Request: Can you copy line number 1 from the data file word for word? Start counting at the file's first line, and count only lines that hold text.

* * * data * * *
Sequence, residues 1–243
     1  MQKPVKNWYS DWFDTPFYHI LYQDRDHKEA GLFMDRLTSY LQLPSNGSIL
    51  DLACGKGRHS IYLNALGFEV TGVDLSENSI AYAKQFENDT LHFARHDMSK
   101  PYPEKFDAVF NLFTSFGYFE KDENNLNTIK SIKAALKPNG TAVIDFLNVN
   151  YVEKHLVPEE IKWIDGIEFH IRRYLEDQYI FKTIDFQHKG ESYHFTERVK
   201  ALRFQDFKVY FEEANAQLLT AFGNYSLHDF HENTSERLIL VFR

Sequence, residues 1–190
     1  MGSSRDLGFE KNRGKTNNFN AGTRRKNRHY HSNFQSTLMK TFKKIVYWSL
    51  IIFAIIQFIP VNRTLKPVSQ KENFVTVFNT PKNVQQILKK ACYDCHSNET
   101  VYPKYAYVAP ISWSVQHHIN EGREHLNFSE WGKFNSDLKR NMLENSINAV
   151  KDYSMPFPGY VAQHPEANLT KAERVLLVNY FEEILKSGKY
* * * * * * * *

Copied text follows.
Sequence, residues 1–243